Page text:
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Thursday, May 5, 2016
Meniscus Tear and Numb Toes
My surgeon suspects I have a torn meniscus in my right knee. Please know I am a runner and I am having the same symptoms in both knees x3 weeks. MRI scheduled for next week for right knee, which locks. Recently the bottoms of my toes on my left foot started tingling, and today my right foot toes started tingling. I have significant pain in the backs of my knees, not much in the front/kneecap area. I also have lower back discomfort and tingling in outer hips. When sitting on chair or floor I can fully extend both legs but when standing up my right knee locks and I cannot fully extend the leg. Since I`ve been walking with a limp and shuffling around with my knees constantly bent, I think it might be the cause of my lower back pain. Any ideas? My number one question is: Is it common for the BACKS of the knees to ache when a person has a torn meniscus? Do I have a popliteus injury that`s causing the backs of my knees to ache? Is the knee trouble causing my toes to tingle or is it sciatica from my lower back? Thank you for your time. I look forward to your response.
It would be unusual to develop symptoms due to a meniscus tear in both knees at the same time without a history of acute injury to both knees.
A meniscus tear by itself would not cause tingling in the foot, but sometimes a meniscus tear causes enough fluid accumulation within the knee to result in a Baker's cyst, which if large enough can create pressure on the nerve (tibial nerve) in back of the knee. But again, it is very unlikely that the tingling symptoms in both feet are due to the simultaneous development of bilateral Baker's cysts, each large enough to put pressure on the tibial nerve in each leg.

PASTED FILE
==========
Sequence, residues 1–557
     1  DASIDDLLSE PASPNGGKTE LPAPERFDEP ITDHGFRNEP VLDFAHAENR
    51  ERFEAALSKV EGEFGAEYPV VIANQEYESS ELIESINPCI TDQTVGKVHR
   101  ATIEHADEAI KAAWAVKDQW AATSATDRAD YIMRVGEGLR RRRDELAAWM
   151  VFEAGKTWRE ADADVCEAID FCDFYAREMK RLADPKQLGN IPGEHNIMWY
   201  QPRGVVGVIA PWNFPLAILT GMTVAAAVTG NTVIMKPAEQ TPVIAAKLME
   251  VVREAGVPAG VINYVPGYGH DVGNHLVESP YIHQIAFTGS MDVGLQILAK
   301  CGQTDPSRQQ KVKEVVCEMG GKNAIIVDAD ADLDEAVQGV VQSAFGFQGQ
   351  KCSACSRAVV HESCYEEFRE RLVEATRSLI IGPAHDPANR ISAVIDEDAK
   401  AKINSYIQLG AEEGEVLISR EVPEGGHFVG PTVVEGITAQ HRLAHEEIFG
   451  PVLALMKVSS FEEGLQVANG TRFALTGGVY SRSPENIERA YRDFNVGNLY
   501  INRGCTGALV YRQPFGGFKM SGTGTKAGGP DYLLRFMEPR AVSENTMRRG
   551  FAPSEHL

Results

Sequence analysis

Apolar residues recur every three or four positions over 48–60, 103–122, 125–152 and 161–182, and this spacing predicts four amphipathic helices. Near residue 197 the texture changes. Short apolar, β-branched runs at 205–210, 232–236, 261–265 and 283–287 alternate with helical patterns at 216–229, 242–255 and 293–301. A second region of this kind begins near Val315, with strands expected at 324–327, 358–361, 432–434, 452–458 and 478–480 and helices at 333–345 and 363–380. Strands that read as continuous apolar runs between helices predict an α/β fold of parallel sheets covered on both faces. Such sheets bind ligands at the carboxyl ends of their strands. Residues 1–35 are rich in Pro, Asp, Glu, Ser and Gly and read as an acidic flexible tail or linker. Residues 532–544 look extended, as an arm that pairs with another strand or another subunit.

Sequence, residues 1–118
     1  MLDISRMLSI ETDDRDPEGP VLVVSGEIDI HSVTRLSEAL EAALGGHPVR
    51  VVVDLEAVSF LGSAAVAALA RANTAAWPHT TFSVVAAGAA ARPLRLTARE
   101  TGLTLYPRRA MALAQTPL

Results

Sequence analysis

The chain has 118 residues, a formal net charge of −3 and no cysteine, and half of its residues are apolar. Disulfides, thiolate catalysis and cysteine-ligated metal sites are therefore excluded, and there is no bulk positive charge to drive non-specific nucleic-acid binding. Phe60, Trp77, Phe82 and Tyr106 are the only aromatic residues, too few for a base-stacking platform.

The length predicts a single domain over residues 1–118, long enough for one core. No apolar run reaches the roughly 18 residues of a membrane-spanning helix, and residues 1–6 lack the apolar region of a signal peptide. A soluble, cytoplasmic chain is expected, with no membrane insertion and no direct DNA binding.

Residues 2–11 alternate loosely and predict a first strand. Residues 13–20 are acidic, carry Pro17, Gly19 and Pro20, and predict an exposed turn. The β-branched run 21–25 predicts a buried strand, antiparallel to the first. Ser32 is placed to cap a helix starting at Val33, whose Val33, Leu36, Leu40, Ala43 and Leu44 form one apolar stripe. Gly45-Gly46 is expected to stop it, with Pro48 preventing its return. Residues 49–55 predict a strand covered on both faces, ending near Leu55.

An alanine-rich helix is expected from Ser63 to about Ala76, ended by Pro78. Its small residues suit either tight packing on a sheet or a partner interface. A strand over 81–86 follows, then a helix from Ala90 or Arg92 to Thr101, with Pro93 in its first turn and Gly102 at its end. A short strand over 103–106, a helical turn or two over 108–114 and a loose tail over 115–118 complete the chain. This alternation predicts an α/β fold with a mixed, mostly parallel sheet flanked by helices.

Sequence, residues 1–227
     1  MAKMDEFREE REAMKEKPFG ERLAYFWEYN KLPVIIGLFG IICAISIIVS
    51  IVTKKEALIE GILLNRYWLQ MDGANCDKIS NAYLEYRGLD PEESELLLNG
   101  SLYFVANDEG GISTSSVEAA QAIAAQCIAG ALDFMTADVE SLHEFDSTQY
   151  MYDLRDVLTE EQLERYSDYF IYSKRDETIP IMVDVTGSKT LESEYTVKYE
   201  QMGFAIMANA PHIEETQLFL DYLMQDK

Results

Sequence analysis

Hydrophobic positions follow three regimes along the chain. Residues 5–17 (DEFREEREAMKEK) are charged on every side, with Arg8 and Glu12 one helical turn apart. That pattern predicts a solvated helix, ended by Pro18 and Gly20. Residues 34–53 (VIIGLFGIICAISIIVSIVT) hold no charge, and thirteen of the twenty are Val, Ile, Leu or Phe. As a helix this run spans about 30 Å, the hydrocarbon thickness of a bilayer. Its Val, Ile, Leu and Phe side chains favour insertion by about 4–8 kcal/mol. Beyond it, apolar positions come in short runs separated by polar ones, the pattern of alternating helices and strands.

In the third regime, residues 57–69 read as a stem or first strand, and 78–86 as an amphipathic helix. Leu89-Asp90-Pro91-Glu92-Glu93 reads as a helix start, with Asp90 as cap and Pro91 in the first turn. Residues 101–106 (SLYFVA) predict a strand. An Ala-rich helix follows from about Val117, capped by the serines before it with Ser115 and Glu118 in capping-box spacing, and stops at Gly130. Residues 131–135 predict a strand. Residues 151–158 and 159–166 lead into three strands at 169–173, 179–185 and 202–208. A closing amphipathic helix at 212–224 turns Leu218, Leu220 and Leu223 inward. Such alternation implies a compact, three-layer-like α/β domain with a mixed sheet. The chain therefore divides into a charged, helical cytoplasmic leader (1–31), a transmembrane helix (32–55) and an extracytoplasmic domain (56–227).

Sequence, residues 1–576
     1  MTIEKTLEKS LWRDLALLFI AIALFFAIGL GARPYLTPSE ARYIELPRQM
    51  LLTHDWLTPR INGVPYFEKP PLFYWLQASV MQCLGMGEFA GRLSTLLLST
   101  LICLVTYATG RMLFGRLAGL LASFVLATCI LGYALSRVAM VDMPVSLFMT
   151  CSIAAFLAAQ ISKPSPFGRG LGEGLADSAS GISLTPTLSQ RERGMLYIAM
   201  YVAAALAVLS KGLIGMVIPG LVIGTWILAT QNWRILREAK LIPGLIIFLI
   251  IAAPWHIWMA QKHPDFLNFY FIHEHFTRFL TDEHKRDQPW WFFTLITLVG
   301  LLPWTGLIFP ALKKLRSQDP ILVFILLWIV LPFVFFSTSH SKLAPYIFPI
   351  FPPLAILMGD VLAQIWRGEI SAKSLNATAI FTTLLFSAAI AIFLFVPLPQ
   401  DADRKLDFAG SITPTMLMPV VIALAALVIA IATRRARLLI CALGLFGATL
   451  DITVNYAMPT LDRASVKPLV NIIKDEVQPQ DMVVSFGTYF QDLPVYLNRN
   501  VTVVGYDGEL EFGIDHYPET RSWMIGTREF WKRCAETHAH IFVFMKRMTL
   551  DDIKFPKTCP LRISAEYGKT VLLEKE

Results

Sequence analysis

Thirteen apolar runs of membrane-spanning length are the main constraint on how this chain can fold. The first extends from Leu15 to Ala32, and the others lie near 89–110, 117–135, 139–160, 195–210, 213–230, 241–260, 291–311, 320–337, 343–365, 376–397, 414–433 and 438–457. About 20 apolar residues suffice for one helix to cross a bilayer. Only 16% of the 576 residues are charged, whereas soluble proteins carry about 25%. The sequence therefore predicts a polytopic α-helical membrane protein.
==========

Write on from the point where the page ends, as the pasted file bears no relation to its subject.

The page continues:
Pain from nerve irritation in the lower back, and/or pain from lumbar discs or facet joints, can be referred down into the legs -usually the back of the leg(s) rather than the front... therefore, you may or may not have a lower back problem causing pain in the back of your knees. Alternatively, you could have a bilateral knee problem altering your positions and movements, thereby causing you to place abnormal forces on your lower back, resulting in a lower back problem secondary to a primary knee problem.
Since meniscus tears which are symptomatic often involve the posterior/back part of the meniscus, it is not uncommon for meniscal tears to cause pain in the back of the knee.
A popliteus injury is an unusual condition, but when it occurs, is usually in the form of "popliteus tenosynovitis" resulting from overuse - particularly excessive downhill running. Pain from this would be located on the outer/lateral side of the knee rather than the back of the knee.
Brian L Bowyer, MD
Clinical Associate Professor
Physical Medicine & Rehabilitation
College of Medicine
The Ohio State University